A cohort of 1242 individuals tested in a clinical diagnostic laboratory was used to test whether the filtering allele frequencies (FAFs)-based framework, recently recommended for MHY7-associated cardiomyopathy, is extendable to 45 cardiomyopathy genes. Statistical analysis revealed a threshold of 0.00164% for the extreme outlier allele frequencies (AFs), based on the Genome Aggregation Database (exome fraction) total AFs of 138 unique pathogenic and likely pathogenic variants; 135 of them (97.8%) had AFs of <0.004%, the recommended threshold to apply moderate pathogenicity evidence for MYH7-associated cardiomyopathy. Of the 460 cases reported with only variant(s) of unknown clinical significance (VUCSs), 97 (21%) solely had VUCSs with FAFs >0.03%, frequencies above which were estimated herein as strong evidence against pathogenicity. Interestingly, 74.5% (172/231) of the unique VUCSs with FAFs >0.03% had Genome Aggregation Database maximum allele frequencies across all populations AFs >0.1%, deemed herein as stand-alone evidence against pathogenicity. Accordingly, using an FAF threshold of >0.1%, compared with AF >1%, led us to issue considerably more (25.9% versus 41.3%) negative patient reports. Also, 82.7% (N = 629) of the unique classified benign or likely benign variants with AFs <1% had FAFs >0.1%, reinforcing the use of this filtering strategy.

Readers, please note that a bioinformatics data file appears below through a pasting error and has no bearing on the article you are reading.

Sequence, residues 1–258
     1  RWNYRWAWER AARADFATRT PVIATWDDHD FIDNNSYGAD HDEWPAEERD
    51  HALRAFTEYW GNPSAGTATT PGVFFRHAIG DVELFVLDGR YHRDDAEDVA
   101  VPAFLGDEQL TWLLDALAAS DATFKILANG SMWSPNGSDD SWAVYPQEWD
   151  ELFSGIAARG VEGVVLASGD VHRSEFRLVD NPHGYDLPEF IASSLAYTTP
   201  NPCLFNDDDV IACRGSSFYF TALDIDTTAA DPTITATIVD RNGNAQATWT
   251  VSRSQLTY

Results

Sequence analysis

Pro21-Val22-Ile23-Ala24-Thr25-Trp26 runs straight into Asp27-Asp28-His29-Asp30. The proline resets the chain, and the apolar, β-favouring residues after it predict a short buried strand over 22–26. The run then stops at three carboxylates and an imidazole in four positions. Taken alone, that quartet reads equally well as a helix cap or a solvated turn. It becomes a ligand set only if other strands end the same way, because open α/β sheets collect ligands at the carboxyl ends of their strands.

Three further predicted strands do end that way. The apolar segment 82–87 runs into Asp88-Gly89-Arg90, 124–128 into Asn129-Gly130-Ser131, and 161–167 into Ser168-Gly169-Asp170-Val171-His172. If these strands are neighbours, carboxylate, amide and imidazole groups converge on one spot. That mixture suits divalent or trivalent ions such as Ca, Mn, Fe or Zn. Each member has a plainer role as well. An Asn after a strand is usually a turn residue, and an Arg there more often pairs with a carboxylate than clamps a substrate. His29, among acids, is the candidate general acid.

Together, these data demonstrate that implementing FAF thresholds may considerably decrease the amount of variant interpretations and significantly reduce the cost of genetic testing for clinical genetic laboratories, without compromising the accuracy of genetic diagnostic services.